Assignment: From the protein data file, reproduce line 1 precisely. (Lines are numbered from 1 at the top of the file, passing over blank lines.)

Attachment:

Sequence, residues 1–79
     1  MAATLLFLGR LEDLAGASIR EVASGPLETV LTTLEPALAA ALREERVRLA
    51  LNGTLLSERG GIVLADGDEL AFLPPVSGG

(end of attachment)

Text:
Sequence, residues 1–79